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Opened 3 years ago

Last modified 7 months ago

#42061 assigned enhancement

Add new utility function for checking if the current request is a REST API request.

Reported by: lots.0.logs Owned by: flixos90
Milestone: Future Release Priority: normal
Severity: normal Version: 4.9
Component: Bootstrap/Load Keywords: has-patch dev-feedback
Focuses: rest-api Cc:

Description (last modified by joehoyle)

This patch adds a new function: wp_doing_rest() and filter by the same name that work exactly like the current wp_doing_ajax/cron() functions but for Rest API requests.

Attachments (2)

42061-add-wp-doing-rest-filterable-function.patch (1.7 KB) - added by lots.0.logs 3 years ago.
42061.diff (3.1 KB) - added by flixos90 2 years ago.

Download all attachments as: .zip

Change History (17)

#1 @lots.0.logs
3 years ago

  • Keywords has-patch added

#2 @joehoyle
3 years ago

  • Description modified (diff)
  • Milestone Awaiting Review deleted
  • Resolution set to wontfix
  • Status changed from new to closed

See https://github.com/WP-API/WP-API/issues/926 for the previous story on this.

Though we want to discourage use of global state functions like these, there _is_ a REST_REQUEST constant for this purpose. As mentioned in that ticket, the idea of "the current request is a REST one" breaks down for things like _embed requests, and internal rest_do_request calls, therefore we don't want to encourage the use of "is the current request a REST one" as it's not always in that context.

@lots.0.logs perhaps you could define why you need such a function? wp_doing_ajax/cron() are inherently process-level functions, but the REST API callback methods are not intended to scoped to the whole "page load" request.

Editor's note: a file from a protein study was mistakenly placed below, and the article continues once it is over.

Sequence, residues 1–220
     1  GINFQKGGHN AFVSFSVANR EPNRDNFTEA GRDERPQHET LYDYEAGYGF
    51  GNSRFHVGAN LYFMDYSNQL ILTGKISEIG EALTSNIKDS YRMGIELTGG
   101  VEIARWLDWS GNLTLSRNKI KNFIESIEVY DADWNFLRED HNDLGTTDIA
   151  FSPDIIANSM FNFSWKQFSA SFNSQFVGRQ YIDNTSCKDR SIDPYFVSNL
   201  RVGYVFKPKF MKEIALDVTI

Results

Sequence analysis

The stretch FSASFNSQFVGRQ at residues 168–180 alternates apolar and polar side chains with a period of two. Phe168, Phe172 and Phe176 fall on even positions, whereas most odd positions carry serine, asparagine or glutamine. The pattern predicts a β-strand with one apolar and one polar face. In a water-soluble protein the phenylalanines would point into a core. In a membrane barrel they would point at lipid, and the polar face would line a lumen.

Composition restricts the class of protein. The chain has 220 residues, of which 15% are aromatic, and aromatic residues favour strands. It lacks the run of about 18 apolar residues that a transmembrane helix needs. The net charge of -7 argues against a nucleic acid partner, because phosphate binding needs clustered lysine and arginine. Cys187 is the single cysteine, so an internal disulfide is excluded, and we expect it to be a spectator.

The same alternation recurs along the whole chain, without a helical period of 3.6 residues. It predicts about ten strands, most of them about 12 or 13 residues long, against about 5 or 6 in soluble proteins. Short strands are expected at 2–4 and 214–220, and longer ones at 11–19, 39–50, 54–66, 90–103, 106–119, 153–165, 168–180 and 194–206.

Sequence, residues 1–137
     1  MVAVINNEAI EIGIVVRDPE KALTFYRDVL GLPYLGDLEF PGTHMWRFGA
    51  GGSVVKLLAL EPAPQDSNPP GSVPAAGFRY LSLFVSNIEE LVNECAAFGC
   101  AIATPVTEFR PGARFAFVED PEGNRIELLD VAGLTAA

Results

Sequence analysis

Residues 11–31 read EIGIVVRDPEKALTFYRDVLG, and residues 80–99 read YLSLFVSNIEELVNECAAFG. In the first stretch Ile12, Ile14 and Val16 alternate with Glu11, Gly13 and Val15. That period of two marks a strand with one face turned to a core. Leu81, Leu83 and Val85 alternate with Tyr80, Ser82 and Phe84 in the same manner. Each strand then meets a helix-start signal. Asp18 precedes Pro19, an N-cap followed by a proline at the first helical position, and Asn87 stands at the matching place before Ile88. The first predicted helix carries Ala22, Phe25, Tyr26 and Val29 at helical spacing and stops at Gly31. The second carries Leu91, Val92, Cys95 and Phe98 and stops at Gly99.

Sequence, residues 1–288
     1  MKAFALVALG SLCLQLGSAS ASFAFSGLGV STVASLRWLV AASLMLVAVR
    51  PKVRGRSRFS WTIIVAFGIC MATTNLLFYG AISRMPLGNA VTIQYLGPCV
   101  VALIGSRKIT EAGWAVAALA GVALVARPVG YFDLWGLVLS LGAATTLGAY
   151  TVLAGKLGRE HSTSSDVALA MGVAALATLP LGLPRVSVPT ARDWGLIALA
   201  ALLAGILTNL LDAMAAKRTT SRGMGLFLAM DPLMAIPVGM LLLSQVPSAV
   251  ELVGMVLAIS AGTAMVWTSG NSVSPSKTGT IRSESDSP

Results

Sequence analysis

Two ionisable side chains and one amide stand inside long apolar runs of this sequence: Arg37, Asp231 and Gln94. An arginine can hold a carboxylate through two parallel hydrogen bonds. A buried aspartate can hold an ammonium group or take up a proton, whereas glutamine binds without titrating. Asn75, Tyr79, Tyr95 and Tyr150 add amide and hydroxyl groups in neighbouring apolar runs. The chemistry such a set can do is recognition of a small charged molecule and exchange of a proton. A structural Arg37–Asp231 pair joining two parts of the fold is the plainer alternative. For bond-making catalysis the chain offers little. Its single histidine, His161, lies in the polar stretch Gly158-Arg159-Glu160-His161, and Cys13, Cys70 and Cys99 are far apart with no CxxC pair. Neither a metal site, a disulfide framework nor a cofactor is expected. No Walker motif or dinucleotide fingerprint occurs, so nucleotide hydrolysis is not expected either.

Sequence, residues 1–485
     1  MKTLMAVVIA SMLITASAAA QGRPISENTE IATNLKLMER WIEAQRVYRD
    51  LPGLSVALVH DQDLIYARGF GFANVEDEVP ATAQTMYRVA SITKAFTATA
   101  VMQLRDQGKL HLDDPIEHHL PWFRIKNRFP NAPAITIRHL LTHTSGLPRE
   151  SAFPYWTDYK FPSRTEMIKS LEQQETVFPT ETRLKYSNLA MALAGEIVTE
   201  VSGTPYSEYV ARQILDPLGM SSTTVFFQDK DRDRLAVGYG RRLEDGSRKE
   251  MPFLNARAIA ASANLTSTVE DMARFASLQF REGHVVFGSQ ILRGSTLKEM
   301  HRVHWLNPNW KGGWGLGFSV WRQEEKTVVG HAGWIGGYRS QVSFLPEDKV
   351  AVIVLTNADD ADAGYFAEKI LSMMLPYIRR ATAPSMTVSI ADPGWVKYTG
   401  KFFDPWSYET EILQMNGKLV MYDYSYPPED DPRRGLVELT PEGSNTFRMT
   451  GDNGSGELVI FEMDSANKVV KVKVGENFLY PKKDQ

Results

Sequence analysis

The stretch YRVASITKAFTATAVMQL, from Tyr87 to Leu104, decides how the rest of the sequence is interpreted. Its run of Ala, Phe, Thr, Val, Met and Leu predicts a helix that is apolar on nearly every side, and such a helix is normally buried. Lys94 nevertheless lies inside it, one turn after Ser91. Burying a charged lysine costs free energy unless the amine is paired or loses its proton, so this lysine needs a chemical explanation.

#3 @flixos90
2 years ago

  • Resolution wontfix deleted
  • Status changed from closed to reopened

I think this needs to be revisited, for the same purpose we have functions like wp_doing_ajax() etc. Every function in WordPress can be misused, but a wp_doing_rest() or wp_is_rest_request() would allow fixing weird hacks necessary when working with unit tests. See #43751 for an example.

#4 @SergeyBiryukov
2 years ago

  • Milestone set to Awaiting Review

#5 @swissspidy
2 years ago

  • Milestone changed from Awaiting Review to 5.0

+1 for consistency.

See #25669, #39591.

2 years ago

#6 @lots.0.logs
2 years ago

I see you changed the name to wp_is_rest_request(). That is inconsistent with existing similar utility functions. IMO, wp_doing_rest() is the most appropriate name for this function.

#7 follow-up: @flixos90
2 years ago

  • Keywords dev-feedback added
  • Owner set to flixos90
  • Status changed from reopened to assigned

As usual, this is more complicated than it may seem at first glance. Other than AJAX and Cron, which are controlled by constants, REST is controlled by a query variable, meaning it relies on the current request to be parsed. The REST_REQUEST constant is only set for an easy check, but is not available from the beginning of the request's lifecycle.

It is therefore impossible to detect a REST request before the parse_request action, at least with the means currently in place. That action is triggered rather late, after init, wp_loaded etc.